Fabrication of BSGS and MISSA

PU was dissolved in a mixture of DMF and THF (40/60, v/v) at 60° C to a concentration of 13 wt.%. The prepared PU solution was loaded into a 5-mL syringe and fed through the electrospinning apparatus at a controlled rate of 1.5 mL h−1 using a syringe pump. An applied voltage of 14 kV was utilized, and the distance between the needle tip and the target receiver was set at 10 cm. The resulting PU film was cut into rectangular shapes measuring 1 cm × 1.5 cm. Subsequently, the prepared HDIM was dissolved in chloroform at a concentration of 0.1 g mL−1 and printed onto the cut PU film as ink using a screen-printing technique. After the solvent evaporation, the sensor was secured in place using conductive adhesive tape. To create a MISSA, three breathable self-healing sensors were arranged in a symmetrical manner, with identical appearances positioned at the top and bottom. The edges and bottom of the sensors were sealed using impermeable PVC tape to ensure a complete enclosure.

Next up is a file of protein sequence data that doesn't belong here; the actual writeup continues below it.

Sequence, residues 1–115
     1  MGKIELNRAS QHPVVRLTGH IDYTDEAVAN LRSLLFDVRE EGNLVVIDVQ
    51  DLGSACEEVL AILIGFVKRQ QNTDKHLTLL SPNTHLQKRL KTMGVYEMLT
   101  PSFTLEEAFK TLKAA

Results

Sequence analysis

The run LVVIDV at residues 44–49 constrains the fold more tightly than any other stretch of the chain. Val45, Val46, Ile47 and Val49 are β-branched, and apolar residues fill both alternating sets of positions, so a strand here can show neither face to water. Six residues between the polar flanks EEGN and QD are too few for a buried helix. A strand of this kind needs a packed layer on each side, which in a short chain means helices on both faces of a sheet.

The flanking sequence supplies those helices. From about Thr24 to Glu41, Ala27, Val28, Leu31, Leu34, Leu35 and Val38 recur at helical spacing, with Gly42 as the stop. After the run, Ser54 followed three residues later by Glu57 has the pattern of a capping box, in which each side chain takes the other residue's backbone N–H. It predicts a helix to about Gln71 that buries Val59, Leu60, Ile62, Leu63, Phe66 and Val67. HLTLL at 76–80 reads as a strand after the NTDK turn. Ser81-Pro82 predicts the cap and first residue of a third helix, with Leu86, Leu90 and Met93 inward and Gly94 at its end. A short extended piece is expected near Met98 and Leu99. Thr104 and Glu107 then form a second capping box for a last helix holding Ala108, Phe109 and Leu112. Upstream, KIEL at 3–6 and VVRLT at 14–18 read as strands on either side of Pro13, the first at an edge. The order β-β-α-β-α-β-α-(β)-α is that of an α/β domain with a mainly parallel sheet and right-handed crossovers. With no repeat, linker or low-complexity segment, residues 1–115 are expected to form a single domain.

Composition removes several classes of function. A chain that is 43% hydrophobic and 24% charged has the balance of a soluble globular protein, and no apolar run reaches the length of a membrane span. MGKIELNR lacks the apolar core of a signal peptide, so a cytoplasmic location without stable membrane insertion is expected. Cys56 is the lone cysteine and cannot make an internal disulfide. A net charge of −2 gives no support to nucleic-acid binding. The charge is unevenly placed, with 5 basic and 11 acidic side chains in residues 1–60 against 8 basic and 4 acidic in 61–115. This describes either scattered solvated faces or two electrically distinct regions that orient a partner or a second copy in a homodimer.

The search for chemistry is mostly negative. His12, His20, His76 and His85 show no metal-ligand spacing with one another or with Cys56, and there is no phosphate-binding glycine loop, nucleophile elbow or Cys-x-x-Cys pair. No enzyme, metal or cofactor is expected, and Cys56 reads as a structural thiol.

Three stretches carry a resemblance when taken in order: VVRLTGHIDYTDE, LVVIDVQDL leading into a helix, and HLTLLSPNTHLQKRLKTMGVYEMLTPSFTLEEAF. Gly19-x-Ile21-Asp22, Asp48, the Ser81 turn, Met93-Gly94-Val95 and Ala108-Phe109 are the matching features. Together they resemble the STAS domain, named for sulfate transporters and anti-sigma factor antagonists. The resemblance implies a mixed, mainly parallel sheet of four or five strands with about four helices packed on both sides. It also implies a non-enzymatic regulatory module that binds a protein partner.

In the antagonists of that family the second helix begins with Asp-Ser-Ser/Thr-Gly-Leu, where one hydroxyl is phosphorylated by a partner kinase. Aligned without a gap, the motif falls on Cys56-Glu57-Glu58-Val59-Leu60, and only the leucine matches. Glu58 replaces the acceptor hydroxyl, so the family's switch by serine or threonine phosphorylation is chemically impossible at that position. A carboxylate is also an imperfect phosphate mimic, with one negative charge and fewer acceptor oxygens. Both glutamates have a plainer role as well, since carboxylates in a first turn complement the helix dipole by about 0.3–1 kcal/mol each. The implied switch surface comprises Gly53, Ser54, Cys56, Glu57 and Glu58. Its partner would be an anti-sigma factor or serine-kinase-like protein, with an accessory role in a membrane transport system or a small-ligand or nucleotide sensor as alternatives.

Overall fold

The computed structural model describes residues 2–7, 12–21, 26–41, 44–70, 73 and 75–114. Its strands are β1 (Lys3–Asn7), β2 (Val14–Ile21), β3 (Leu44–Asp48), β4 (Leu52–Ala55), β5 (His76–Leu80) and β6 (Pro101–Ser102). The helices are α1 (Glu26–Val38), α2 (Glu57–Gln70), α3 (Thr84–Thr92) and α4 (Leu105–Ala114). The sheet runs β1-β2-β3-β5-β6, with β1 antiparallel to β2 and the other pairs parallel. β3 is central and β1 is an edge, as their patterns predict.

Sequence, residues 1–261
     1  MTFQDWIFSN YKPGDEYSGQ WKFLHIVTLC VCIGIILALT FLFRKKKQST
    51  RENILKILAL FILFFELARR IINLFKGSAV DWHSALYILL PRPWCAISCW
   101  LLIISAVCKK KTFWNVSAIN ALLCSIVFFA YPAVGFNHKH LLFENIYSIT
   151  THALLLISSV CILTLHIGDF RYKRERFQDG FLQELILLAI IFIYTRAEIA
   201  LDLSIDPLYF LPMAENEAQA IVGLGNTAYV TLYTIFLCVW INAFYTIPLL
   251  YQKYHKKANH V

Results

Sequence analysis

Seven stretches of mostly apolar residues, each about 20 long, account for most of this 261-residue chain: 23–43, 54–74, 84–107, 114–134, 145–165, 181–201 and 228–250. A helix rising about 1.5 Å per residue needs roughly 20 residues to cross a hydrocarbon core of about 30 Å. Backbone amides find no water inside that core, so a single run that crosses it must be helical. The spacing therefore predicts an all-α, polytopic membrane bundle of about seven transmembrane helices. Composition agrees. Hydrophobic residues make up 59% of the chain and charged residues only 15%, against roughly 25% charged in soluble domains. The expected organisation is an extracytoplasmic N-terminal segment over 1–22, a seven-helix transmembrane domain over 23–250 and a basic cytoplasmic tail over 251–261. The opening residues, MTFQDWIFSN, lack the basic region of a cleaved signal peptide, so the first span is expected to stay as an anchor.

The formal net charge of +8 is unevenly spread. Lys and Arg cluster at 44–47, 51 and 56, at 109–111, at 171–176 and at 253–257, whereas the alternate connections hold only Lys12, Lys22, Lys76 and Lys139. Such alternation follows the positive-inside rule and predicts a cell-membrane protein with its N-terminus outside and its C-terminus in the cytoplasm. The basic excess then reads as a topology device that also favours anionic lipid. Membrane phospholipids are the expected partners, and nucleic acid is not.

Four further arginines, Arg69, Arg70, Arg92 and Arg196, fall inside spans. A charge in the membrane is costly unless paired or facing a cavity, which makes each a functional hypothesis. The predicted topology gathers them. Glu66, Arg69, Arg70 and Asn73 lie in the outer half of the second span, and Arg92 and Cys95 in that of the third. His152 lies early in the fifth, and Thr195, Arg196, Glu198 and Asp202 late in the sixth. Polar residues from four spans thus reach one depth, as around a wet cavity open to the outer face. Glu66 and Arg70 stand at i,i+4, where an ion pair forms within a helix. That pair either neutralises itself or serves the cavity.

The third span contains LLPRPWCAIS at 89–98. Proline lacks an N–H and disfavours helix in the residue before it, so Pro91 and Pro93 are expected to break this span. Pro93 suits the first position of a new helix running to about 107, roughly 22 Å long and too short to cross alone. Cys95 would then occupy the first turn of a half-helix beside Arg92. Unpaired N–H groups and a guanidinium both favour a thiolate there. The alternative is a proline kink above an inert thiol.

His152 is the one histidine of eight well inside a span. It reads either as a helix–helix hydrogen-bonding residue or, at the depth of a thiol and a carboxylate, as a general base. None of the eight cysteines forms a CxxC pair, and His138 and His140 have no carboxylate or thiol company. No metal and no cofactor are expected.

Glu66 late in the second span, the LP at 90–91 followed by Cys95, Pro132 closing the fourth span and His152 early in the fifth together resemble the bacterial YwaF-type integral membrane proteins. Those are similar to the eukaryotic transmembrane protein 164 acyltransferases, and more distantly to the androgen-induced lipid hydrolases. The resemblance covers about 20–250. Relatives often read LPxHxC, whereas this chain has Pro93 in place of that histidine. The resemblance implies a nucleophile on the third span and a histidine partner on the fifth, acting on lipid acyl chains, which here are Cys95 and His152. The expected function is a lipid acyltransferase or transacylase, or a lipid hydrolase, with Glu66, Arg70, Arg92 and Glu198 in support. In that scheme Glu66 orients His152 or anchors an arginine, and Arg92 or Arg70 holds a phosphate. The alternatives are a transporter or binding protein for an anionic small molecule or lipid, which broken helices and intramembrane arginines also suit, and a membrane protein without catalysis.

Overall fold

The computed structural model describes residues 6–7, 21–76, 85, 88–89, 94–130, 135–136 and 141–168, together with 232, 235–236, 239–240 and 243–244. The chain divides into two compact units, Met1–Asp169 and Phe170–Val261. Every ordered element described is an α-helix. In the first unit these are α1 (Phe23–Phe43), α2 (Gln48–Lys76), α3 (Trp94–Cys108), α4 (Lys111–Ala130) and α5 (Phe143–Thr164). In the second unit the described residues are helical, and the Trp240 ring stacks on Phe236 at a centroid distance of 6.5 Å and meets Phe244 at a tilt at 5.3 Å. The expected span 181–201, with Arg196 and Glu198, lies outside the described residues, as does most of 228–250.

Gas Sensing System and Resistance Measurements

In order to measure the dynamic resistance variation of the breathable self-healing sensor, a gas-sensing system was established. The prepared sensor was placed within a cylindrical gas-sensing chamber. In order to mitigate the potential impact of humidity, a protective measure was implemented during the testing phase wherein a PU electrospun film was employed to cover the surface of the sensor to be measured. Target gases were appropriately diluted using dry air, and precise control of gas concentrations was achieved by employing accurate digital mass flow controllers (Sevenstar, CS200). The resistance changes of the sensor during gas detection were recorded using a data acquisition module (Keithley, 3706A). Data processing (PCA, kNN, and linear regression) was conducted using Python programs in this study.

Acknowledgements

The authors appreciate the financial support of the Shanghai Sailing Program (23YF1430200) and Shanghai Engineering Research Center for Intelligent Diagnosis and Treatment Instrument (No. 15DZ2252000). This research also received funding from the Phase-II Grand Challenges Explorations award of the Bill and Melinda Gates Foundation (OPP1109493) and Horizon 2020 ICT grant under the A-Patch project. National Institute of Health Research UK.

    Conflict of Interest

    The authors declare no conflict of interest.

    Data Availability Statement

    Research data are not shared.